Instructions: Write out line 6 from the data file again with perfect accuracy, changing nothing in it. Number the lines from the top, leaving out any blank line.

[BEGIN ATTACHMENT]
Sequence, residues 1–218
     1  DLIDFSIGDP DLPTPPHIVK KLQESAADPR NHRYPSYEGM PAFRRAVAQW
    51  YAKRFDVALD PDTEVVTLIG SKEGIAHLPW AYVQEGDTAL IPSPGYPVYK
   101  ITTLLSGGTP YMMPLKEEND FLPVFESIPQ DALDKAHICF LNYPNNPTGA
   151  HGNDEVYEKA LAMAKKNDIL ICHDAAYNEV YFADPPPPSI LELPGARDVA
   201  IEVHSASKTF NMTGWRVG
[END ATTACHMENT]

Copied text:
   201  IEVHSASKTF NMTGWRVG